Friday, August 11, 2017

Airswimming: St. Dymphna

The asylum in Airswimming is named for St. Dymphna (pronounced "Dimf-nah"). But who exactly is St. Dymphna? According to the Catholic Church:
Dymphna was the only child of a pagan king who is believed to have ruled a section of Ireland in the 7th century. She was the very picture of her attractive young Christian mother.
When the queen died at a very young age, the royal widower’s heart remained beyond reach of comfort. His moody silences pushed him on the verge of mental collapse. His courtiers suggested he consider a second marriage. The king agreed on condition that his new bride should look exactly like his former one.
His envoys went far a field in search of the woman he desired. The quest proved fruitless. Then one of them had a brilliant idea: Why shouldn’t the king marry his daughter, the living likeness of her mother?
Repelled at first, the king then agreed. He broached the topic to his daughter. Dymphna, appalled, stood firm as a rock. “Definitely not.” By the advice of St. Gerebern, her confessor, she eventually fled from home to avoid the danger of her refusal.
A group of four set out across the sea – Father Gerebern, Dymphna, the court jester and his wife. On landing at Antwerp, on the coast of Belgium, they looked around for a residence. In the little village of Gheel, they settled near a shrine dedicated to St. Martin of Tours.
Then spies from her native land arrived in Gheel and paid their inn fees with coins similar to those Dymphna had often handed to the innkeeper. Unaware that the men were spies, he innocently revealed to them where she lived.
The king came at once to Gheel for the final, tragic encounter. Despite his inner fury, he managed to control his anger. Again he coaxed, pleased, made glowing promises of money and prestige. When this approach failed, he tried threats and insults; but these too left Dymphna unmoved. She would rather die than break the vow of virginity she had made with her confessor’s approval.
In his fury, the king ordered his men to kill Father Gerebern and Dymphna. They killed the priest but could not harm the young princess.
The king then leaped from his seat and with his own weapon cut off his daughter’s head. Dymphna fell at his feet. Thus Dymphna, barely aged fifteen, died. Her name appears in the Roman Martyrology, together with St. Gerebern’s on May 15.
In the town of Gheel, in the Flemish-speaking region of Belgium, great honor is paid to St. Dymphna, whose body is preserved in a silver reliquary in the church which bears her name. Gheel has long been known as a place of pilgrimage for persons seeking relief or nervous or emotional distresses. In our century, the name of St. Dymphna as the heavenly intercessor for such benefits is increasingly venerated in America. [source:]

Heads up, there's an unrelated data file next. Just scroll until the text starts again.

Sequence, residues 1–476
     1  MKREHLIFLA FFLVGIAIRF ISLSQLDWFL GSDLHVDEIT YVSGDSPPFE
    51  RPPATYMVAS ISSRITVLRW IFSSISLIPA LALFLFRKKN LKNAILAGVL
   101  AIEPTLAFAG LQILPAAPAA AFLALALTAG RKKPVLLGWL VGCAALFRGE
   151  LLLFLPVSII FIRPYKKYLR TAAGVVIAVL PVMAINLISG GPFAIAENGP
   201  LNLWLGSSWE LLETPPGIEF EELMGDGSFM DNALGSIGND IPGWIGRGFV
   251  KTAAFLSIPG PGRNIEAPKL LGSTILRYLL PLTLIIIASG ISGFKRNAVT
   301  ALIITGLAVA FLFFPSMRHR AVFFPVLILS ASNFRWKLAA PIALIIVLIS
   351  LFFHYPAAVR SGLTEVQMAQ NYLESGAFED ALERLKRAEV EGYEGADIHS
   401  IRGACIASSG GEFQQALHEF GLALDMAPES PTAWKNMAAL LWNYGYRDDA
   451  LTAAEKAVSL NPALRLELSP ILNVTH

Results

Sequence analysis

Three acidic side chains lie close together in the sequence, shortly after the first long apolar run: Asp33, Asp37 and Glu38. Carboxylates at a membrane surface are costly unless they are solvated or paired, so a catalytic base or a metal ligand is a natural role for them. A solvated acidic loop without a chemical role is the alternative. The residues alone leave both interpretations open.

St. Dymphna is officially the patron saint of the mentally ill, the nervous, the emotionally disturbed and those suffering neurological disorders. As a result she's also the patron saint of psychiatrists, psychologists, and neurologists. She is also the patron saint for victims of incest. 

In America she has an official shrine in Ohio and in New York

Thursday, August 3, 2017

Airswimming: Notes From the Playwright

Playwright Charlotte Jones has published two different sets of author's notes for Airswimming, one from the original production in 2004 and one for the more recently published edition of the script from Samuel French. Both offer some interesting insight into the creation of the play. 

In 2004: 

"I always start with an image. With Airswimming I saw a woman trying to trepan herself with a hand whisk. I happened to read a book about the injustices committed against the mentally ill: “A Miss Kitson and a Miss Baker were placed in a Hospital for the Criminally Insane in the 1920s for bearing illegitimate children and not released until the 1970s.” That was the line that started me writing. There was something terribly moving to me in hearing their names – genteel English names, the names of posh girls who should be coming out into society, not being incarcerated for being out of wedlock. Those names with the dismissive and distancing ‘a’ before them – ‘a Miss Kitson and a Miss Baker’ reading those names was the trigger to wanting to write their story. A story about bad girls trying to be good – a world where it seemed inevitable to me that Doris Day should become the patron saint of all that is wholesome and perfect and feminine.” 

Ms. Jones goes on to say that when writing she starts with the title and then writes the story. About the title of Airswimming she says “[i]t expressed perfectly to me the emancipation that the two women find in each other in a world where they are denied the simple act of coming up for air – and yet still they swim!”

In the recent edition: